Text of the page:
We tell the weird and surprising and funny backstories around food and drink. The tales we haven’t all heard yet, the ones that have been lost, the under-told. This is not a recipe show. And this is not a show about celebrity chefs or what they like to eat. Proof goes beyond recipes and cooking to investigate the foods we love (tiki drinks) and don’t love (the grain bowl); ask the big questions (where do food cravings come from?); and uncover the hidden backstories that feed your food-obsessed brain. Hosted by Bridget Lancaster. A production of America’s Test Kitchen.
Here's the Latest Episode from Proof:
In the 1970s, the Miracle Berry was poised to become the sugar replacement of choice. It was hailed as the solution to the diabetes epidemic, and was preferred to every other sugar alternative in blind taste tests. The fruit contains a taste-altering protein, miraculin, that makes sour foods taste sweet. So why haven't you heard of it? Did "big sugar" engineer its downfall? And can modern food entrepreneurs reposition the miracle berry as the future of sweet?
An FDA conspiracy, an invasive species threatening our waterways, and an emerging wine region that shouldn't work. If you thought Season 1 changed the way you thought about food, stay tuned. Season 2 of Proof starts May 23rd.
A conversation with culinary historian Michael Twitty about the history of American Barbecue.
Jack Bishop discusses the history and unique flavor of celery tonic.
You've seen them on labels, but what are natural and artificial flavors anyway? Reporter Sara Joyner explains.
How do the test cooks at America's Test Kitchen manage their cravings? Jack Bishop heads into the kitchen to find out.
Ketchup isn't just a popular condiment, it's also scientifically fascinating. Bridget sits down with Jack Bishop to talk about the physics of ketchup.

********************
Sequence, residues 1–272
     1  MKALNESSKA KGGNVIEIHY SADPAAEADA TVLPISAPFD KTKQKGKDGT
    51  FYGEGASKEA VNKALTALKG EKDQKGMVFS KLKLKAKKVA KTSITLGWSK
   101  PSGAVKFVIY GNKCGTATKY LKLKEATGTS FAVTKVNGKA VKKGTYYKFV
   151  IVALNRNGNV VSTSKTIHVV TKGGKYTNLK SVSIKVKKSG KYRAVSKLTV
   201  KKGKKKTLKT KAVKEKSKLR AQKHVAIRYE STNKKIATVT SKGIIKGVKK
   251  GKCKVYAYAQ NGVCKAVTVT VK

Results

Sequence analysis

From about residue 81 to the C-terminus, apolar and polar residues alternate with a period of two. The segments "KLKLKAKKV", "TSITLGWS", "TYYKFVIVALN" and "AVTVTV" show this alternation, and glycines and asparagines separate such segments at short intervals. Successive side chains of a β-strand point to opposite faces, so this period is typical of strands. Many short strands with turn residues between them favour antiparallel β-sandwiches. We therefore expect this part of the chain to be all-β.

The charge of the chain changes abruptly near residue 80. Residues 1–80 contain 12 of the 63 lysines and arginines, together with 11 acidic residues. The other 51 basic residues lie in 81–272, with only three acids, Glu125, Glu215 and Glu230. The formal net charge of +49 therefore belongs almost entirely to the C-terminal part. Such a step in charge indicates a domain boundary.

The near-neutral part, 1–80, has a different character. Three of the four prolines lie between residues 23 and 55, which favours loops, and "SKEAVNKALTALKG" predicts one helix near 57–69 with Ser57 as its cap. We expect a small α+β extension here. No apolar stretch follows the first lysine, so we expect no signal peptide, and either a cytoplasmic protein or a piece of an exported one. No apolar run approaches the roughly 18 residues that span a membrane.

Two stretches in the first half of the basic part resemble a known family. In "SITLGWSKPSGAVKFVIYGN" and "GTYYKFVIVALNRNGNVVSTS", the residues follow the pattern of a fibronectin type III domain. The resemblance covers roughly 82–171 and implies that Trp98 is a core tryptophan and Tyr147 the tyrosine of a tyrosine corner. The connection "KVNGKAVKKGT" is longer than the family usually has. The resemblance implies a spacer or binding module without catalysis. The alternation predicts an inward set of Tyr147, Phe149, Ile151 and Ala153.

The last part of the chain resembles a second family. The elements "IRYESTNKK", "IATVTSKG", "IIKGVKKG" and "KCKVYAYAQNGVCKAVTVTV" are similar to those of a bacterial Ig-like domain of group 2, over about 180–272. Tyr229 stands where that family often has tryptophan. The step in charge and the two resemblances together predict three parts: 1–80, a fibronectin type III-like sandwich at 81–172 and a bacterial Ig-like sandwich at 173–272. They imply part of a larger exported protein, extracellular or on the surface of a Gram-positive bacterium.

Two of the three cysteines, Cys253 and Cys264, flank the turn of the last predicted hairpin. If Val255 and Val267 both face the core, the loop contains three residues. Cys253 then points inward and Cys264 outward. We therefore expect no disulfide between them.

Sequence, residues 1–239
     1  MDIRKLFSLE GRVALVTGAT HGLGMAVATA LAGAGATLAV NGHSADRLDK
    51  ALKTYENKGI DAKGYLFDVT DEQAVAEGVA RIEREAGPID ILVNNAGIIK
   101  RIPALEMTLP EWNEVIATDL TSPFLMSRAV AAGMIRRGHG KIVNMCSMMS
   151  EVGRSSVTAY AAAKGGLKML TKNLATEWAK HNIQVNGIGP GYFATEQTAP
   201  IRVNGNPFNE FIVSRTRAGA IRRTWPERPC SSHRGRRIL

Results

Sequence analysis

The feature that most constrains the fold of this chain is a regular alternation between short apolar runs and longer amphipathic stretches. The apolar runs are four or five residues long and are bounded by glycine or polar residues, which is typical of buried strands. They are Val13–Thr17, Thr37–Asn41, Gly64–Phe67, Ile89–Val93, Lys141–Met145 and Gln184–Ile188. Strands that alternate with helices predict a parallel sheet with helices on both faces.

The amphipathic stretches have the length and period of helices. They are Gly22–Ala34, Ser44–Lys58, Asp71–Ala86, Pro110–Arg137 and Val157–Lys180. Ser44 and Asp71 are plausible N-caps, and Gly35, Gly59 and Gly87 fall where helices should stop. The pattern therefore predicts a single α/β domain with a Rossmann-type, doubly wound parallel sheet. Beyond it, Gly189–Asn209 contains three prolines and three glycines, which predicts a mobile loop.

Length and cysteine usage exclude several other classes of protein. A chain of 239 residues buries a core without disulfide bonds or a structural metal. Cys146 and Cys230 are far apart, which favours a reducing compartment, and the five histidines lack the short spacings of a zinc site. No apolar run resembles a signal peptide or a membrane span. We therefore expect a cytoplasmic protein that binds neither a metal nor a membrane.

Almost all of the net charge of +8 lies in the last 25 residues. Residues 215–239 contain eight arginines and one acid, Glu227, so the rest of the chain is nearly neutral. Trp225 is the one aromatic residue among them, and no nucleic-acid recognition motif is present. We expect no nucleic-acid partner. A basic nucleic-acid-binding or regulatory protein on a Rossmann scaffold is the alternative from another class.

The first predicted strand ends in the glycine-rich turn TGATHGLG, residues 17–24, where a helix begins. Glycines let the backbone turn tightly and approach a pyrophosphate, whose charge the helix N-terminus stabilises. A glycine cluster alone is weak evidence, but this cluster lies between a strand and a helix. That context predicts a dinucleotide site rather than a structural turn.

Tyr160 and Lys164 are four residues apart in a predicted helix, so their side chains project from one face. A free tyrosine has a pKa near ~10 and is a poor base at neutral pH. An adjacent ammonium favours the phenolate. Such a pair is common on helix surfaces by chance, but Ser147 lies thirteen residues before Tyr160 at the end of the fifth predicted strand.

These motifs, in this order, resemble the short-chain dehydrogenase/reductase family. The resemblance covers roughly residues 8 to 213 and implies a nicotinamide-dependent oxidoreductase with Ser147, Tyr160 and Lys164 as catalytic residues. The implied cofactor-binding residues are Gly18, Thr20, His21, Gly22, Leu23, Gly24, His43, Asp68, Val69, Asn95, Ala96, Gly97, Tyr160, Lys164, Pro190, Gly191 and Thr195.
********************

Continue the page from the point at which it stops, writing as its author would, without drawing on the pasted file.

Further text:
Zeppoles are a staple of the San Gennaro street fair in New York city. Jack Bishop has a special connection to the Italian fritters.
Do burgers need ketchup? The birthplace of the burger, Louis’ Lunch, doesn’t think so. The family-run business has maintained a strict no-ketchup policy since they opened in 1895. We infiltrate this notorious ketchup resistance cell to try to understand why ketchup is such a polarizing condiment.
We are living through a fascinating moment in culinary history: the swift and relentless takeover of the [blank] bowl. These days, you can go an entire week of eating all of your meals in bowl form and never overlap once. Why are we bowl happy and how (or when) did adding the word bowl to everything from grain to breakfast become a thing? In this episode, we do a deep dive into bowl culture.
State fairs have become the site of a novelty fried foods arms race, with vendors clamoring to outdo themselves (and each other) every year. We set out to learn why the adrenaline-seeking foodie in each of us wants to try deep-fried kool-aid at the fair, even if we eat sensibly in our real lives.
In part 2 of our Beanboozled story, we go inside Givaudan, one of the largest flavor houses in the world, to uncover how stinky sock flavored jelly beans are made.
Jelly Belly's popular "Beanboozled" game is an edible version of Russian roulette. You might score a tutti frutti bean, or you might get stuck with a stinky sock-flavored bean. But how in the world did Jelly Belly distill these disgusting flavors into a tiny, innocent looking candy? This curiosity leads us into the strange hidden world of commercial flavor chemistry, secret societies of flavorists, and so-called flavor artists. This is part 1 of an engrossing journey into the weird science of flavor.
Wait... the mai tai was invented in Oakland?! We follow the popular cocktail on a historical journey through the rise and fall of tiki culture in America.
We've all been there - the moment when an overpowering food craving descends upon you and takes possession of your body, mind, and wallet. But where do food cravings come from? Are they cultural, genetic, gender-specific? We find out if science has the answer.
Celery was the "it" vegetable of the Victorian era - celery tonics claimed to cure everything from overstrained nerves to a sluggish liver, and upper-class Victorians had special dishes for serving and displaying their celery. So how did celery go from fashionable to forgettable? We trace celery's fall from grace and ask the important question: is it poised for a comeback?
Proof is a new podcast from America’s Test Kitchen that goes beyond recipes and cooking to solve food mysteries big and small.